Student Loan and the Myth of the “Minimum Payment”

0

© PureSolution | Dreamstime.com

As tuition fees continue to rise across the dental education system, so does the debt that students graduate with. Student debt in excess of $ 400,000 for a dental school is no longer uncommon. Add a specialty certificate and a few more years and you can easily be over $ 500,000 in debt before ever treating your first patient as a doctor.

These numbers are harrowing and sobering, but unfortunately they only tell part of the story. Hidden in it is the silent killer: interest. Interest rates can vary significantly depending on the type of loan you are getting and which lenders are offering each year. But its effect is monumental.

Interest is loan expense collected for the use of borrowed money paid by a borrower to a lender.1 The expense is calculated as a percentage of the unpaid principal of the loan. A lender is the organization that created the loan (borrower’s school, bank, credit union, etc.).1 The lender sets the interest rate on the particular loan being offered, and students can do little to nothing about it. Given the choice between accepting the loan and the interest rate offered by the lender rather than paying the tuition yourself (likely through your family), this is not a difficult decision to make.

All of this doesn’t seem to really matter at this point. The real effects will be noticed as soon as you start practicing – that is, when you are paying attention.

When reviewing your student loan repayment statement, the average borrower will notice a few numbers. The big one is the total balance of your loan and the second is the “minimum payment”. For most of them, as long as this minimum payment is met, everything is on the right track and your loan will be repaid. Or is it? Here the interest rate becomes a silent killer.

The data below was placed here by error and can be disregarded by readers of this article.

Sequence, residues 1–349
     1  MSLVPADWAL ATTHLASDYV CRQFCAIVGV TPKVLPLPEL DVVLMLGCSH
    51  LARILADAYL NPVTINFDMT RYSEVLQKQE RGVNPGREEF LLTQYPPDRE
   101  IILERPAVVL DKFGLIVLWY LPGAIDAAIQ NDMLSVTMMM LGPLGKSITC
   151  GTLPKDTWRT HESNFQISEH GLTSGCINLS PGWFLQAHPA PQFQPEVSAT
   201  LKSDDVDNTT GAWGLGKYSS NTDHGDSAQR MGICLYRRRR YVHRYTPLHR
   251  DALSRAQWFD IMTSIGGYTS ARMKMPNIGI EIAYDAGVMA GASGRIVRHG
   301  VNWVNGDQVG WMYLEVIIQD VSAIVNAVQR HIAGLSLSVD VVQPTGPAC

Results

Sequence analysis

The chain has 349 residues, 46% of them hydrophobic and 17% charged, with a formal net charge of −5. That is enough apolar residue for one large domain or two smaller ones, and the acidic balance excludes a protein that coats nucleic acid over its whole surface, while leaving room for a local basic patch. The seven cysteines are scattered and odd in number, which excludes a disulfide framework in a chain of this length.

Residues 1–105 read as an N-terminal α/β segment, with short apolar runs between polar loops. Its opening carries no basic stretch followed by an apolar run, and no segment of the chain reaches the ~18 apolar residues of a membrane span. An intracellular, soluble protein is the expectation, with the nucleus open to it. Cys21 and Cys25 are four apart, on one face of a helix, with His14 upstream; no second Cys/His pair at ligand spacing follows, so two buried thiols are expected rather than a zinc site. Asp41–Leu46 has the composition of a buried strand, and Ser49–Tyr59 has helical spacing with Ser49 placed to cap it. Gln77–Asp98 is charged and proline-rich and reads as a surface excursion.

Take a simple hypothetical example. You have a $ 100,000 loan with a 5% interest rate that is due to be repaid over 30 years. Your “minimum payment” for your monthly repayment schedule for this loan could be around $ 2,500 per month.

However, if you take a closer look at the actual breakdown of the payment, you may find that $ 1,700 is used for the interest and only $ 800 for the principal. What does that mean? That means that even though you paid $ 2,500 of your hard earned money, the total amount of your loan has only dropped to $ 800! Project this over many months and many years and a new reality will become clear. If you follow the minimum payment recommendation, not only will you pay the lender a substantial additional amount, but this loan will take much longer to repay than you expect.

So what are your options to solve this problem? There are a few. For one, you can always try to consolidate your student loan through companies like SoFi and others. The goal of consolidating your loans is to lower the interest rate on your loans together, resulting in less interest per month. However, most companies won’t offer this option if your bankroll is very high, where most of the dentistry graduates reside.

A second option is to pay off your higher-interest loans faster. Remember, the lender will suggest a “minimum payment” that is good for them, but if you pay more you can turn the tables and do it well for you. It doesn’t take much more – even $ 100 to $ 200 per month can cut your total loan repayment time by several years.